Finally, Microsoft offers Vista Ultimate for the professional who wants to use a computer for both business and pleasure. Quite simply, Ultimate includes everything outlined above and adds BitLocker data encryption, for securing the data on your hard drive. This is a great tool for anyone who keeps confidential customer or private data on their computer.


While all this sounds great, there are a few things to consider before rushing out and buying a new operating system. The Aero graphics are a bit of a strain on system resources; they may cause your laptop's battery to drain more quickly. Aero can also be too much for older computers to handle. Microsoft recommends a 1 Ghz processor, 1 GB of system memory and a dedicated graphics card for Aero (most pre-built systems with Vista are shipping with faster processors and 2 GB of RAM).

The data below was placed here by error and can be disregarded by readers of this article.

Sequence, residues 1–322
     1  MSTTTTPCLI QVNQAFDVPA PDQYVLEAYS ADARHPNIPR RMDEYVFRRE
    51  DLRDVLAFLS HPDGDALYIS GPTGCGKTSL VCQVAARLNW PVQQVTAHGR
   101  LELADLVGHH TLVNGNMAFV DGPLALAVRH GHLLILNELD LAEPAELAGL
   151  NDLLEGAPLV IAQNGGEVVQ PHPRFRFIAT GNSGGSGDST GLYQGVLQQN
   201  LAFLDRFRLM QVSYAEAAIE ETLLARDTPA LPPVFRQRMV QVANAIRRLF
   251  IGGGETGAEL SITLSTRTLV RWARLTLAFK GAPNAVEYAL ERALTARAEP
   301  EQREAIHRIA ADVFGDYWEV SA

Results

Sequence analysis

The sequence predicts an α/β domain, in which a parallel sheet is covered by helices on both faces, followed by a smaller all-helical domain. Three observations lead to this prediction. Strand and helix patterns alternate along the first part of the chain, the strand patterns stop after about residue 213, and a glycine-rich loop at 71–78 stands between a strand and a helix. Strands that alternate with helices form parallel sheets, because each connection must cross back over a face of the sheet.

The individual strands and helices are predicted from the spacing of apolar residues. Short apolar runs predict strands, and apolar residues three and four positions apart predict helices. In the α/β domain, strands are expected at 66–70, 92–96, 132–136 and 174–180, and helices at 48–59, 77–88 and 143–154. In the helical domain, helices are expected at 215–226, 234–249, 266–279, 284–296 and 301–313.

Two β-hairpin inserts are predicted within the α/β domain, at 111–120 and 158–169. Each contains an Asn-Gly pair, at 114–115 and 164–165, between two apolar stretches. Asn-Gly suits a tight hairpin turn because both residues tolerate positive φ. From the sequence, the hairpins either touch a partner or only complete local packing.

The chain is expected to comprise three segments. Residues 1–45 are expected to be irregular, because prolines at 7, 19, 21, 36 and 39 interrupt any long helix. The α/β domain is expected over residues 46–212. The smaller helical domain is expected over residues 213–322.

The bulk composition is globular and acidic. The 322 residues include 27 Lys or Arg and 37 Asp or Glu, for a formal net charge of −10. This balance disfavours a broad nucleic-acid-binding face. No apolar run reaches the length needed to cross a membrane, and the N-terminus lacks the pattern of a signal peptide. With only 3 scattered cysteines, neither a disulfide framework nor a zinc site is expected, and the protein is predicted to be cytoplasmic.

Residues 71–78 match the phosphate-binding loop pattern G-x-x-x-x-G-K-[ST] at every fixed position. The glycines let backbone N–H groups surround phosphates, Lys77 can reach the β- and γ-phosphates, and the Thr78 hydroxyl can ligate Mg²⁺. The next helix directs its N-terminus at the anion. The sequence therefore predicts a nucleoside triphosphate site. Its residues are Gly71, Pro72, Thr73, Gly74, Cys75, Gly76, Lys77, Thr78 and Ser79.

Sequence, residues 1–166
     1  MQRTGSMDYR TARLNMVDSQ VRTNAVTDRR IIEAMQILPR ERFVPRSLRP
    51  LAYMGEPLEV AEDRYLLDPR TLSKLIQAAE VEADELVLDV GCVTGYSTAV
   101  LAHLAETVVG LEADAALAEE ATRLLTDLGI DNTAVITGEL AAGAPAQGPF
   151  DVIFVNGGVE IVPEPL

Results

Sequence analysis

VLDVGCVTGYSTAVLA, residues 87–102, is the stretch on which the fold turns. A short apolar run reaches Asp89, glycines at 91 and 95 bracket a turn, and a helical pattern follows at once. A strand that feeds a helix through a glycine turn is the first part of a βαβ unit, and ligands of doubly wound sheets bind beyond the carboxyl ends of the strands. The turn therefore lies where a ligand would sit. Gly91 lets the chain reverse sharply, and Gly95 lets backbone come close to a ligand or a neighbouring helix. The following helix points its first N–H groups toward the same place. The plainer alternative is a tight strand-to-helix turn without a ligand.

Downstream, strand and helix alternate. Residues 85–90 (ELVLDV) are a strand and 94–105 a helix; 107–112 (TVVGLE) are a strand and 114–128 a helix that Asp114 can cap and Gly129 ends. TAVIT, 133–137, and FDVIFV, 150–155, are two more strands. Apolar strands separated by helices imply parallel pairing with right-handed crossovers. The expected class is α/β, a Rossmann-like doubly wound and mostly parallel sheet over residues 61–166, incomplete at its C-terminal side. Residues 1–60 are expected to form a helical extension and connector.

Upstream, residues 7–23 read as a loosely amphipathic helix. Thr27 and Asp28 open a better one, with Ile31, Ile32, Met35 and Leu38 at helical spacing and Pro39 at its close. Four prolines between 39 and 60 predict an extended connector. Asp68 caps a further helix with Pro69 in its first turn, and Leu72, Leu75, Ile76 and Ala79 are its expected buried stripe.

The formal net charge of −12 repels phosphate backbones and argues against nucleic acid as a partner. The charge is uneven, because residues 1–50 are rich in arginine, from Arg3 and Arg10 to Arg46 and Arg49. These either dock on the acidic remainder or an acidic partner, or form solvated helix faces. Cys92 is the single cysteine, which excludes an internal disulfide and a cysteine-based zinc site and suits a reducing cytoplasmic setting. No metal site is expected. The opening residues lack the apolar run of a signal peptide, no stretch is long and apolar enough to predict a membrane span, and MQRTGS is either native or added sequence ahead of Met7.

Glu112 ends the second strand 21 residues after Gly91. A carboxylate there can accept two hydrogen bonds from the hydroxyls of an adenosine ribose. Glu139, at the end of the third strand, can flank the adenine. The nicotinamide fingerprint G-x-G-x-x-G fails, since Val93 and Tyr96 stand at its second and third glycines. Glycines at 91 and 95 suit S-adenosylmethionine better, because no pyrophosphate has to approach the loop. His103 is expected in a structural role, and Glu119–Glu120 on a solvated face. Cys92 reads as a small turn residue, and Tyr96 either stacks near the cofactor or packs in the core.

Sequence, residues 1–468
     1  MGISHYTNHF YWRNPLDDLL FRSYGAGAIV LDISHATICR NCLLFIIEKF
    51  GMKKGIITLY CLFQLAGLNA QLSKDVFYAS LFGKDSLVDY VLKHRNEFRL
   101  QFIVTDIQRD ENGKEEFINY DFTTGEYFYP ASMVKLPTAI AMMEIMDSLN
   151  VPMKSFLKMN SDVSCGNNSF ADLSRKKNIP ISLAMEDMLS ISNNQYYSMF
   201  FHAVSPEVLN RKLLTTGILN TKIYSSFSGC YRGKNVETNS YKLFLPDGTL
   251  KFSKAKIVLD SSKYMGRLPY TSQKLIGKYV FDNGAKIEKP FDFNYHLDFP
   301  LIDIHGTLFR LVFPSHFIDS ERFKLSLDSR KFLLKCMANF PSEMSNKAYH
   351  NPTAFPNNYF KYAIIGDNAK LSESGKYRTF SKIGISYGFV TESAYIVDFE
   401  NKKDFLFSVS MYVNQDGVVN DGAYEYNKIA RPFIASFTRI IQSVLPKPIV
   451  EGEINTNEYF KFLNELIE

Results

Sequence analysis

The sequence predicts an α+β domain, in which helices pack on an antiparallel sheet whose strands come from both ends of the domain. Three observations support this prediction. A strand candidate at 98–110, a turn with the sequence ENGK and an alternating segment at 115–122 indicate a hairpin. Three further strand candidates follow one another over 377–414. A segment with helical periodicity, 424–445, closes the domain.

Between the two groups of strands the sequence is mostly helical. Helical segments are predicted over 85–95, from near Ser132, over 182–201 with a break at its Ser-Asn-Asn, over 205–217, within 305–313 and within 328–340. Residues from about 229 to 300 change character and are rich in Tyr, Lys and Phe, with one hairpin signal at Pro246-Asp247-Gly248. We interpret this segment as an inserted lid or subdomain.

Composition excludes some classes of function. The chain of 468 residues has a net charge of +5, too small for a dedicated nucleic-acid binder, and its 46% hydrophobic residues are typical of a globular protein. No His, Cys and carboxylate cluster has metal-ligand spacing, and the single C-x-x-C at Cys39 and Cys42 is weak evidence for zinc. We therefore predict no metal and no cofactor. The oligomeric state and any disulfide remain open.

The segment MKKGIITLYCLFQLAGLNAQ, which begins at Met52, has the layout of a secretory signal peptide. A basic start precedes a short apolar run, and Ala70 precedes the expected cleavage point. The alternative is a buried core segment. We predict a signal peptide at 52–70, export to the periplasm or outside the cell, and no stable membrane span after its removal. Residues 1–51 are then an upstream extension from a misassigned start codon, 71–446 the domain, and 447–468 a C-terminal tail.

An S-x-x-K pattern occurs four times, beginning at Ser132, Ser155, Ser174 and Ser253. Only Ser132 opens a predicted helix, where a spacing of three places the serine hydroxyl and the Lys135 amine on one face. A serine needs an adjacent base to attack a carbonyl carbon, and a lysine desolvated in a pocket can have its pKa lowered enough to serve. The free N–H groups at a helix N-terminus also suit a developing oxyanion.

Aero is also quite dependent on your computer's video card. Microsoft has introduced a new video driver model, the Windows Display Driver Model (WDDM), that requires your computer to have a supported video card. Popular cards, such as the Radeon 9500 from ATI and the GeForce FX by nVIDIA, are supported; however, other video cards may not work with Aero.

Also, there is a chance that Vista may not support some of your current peripheral hardware. You should confirm that drivers are available for Vista in order to ensure compatibility. Microsoft provides an upgrade advisor program that can help to clear up any questions you have as to your system's ability to run Vista.

If you have any questions about Vista, feel free to contact one of the professionals at B&H.